- Common Name(s):
- Black poplar, Lombardy poplar
Has many landscape problems; short-lived best planted as a windbreak away from most landscapes. Native to Europe, northwestern Africa and western Asia. Dark gray bark on mature trees is deeply furrowed and provides winter interest.
Seasons of Interest:
Foliage: Fall, yellow Bloom: Spring, March-April ; Bark: Winter
Insects, Diseases, and Other Plant Problems: Populars are not good landscape trees because they are suseptible to a number of pests and diseases as well as other cultural problems. Insect problems include aphids, borers, caterpillars and scale. Cankers are problematic especially in hot and humid climates. Cytospora canker attacks the upper branches of the tree and trunk and is often fatal. Dieback, leaf spots, rusts, and powdery mildew are other diseases problems. Weak wood is easily damaged by wind and shallow roots can lift sidewalks, make lawn mowing difficult, and damage drainage systems. Frequent clean up is required from the endless amount of falling leaves and twigs. To quote Michael Dirr from his popular book Manual of Woody Landscape Plants,"if anyone plants poplars they deserve the disasters which automatically ensue."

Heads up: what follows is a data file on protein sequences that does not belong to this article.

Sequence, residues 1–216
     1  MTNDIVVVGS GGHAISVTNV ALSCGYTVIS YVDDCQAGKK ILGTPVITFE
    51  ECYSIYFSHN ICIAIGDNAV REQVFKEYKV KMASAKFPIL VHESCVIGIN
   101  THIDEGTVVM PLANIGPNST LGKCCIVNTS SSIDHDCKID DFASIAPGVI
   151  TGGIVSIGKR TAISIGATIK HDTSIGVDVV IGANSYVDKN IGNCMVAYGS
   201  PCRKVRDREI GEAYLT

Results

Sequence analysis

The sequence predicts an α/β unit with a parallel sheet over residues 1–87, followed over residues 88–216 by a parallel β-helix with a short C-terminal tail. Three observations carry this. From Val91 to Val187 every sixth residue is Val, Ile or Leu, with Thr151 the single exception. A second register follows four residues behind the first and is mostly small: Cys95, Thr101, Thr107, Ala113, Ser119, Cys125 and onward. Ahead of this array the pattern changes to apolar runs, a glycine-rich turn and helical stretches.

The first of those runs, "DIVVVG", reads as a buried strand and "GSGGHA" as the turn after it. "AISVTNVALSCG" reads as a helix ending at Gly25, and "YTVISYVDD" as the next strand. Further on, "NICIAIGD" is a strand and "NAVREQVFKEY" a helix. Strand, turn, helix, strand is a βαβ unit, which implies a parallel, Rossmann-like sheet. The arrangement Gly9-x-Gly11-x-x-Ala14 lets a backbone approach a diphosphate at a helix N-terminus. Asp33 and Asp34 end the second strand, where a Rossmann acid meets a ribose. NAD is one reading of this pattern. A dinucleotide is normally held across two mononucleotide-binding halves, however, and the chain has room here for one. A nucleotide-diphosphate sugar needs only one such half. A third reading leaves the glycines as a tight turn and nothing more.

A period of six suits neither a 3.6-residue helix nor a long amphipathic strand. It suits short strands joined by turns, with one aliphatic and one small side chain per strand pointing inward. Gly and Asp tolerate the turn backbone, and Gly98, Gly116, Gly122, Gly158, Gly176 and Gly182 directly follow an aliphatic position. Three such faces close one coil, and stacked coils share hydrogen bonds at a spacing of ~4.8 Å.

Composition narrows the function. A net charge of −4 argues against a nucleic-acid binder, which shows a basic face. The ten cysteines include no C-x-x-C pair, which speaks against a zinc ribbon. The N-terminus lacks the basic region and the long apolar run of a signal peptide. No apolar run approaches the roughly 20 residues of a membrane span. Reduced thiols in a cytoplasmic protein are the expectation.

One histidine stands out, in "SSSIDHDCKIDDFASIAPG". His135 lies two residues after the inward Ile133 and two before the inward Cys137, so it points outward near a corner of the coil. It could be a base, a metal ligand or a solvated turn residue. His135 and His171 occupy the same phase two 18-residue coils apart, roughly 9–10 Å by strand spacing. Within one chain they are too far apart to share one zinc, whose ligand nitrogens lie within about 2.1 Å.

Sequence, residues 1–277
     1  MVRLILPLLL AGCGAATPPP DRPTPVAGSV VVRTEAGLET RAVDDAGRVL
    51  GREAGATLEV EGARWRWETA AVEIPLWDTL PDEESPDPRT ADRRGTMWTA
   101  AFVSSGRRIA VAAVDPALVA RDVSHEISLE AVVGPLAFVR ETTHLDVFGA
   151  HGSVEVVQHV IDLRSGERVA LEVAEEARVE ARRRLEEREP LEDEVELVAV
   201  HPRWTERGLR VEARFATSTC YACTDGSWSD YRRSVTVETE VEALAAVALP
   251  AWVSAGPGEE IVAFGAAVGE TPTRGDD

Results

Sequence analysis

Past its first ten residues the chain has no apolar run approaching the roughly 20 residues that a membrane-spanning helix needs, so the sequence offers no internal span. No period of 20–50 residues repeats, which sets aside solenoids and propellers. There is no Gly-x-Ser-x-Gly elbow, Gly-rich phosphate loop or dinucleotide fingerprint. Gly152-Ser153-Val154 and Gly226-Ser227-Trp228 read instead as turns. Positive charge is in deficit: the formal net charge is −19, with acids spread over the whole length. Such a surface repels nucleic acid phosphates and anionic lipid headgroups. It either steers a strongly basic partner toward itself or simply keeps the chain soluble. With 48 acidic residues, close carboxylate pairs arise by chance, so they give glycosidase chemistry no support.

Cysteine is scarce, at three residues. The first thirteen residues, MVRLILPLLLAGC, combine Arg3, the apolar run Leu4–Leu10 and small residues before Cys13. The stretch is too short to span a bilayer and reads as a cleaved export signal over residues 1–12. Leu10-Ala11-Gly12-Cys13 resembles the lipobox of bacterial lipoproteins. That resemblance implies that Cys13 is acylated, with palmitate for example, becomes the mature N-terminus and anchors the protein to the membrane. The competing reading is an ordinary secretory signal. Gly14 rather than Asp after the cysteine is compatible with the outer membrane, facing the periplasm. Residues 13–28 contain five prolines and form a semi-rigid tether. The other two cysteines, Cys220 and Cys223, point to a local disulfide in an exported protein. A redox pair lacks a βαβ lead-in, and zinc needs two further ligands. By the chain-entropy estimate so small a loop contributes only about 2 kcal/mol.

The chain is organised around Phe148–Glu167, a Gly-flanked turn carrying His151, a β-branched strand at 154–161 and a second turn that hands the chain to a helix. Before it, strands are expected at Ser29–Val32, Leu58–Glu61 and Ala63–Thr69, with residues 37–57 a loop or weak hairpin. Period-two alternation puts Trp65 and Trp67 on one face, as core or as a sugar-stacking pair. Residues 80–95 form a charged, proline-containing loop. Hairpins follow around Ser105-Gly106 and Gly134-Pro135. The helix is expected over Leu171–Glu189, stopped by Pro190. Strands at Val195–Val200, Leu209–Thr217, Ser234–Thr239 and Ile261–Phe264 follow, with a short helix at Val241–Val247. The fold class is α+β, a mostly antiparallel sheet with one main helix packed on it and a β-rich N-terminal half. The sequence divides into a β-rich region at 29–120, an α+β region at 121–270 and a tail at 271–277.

- 40-70 ft.
- Dioecious (male and female flowers on separate trees). Catkins appear March-April before the leaves. Male catkins (1-2” long and drooping) feature apetalous flowers with deep red anthers. Upright female catkins (4-5” long) have apetalous flowers with two green stigmas. Pollinated female flowers produce masses of seeds encased in flurry white cottony hairs that are distributed by the wind in the late summer.
- Upright; narrow
- 10-12 ft.
- Growth Rate:
- Triangular, simple, shiny green
NCCES plant id: 2125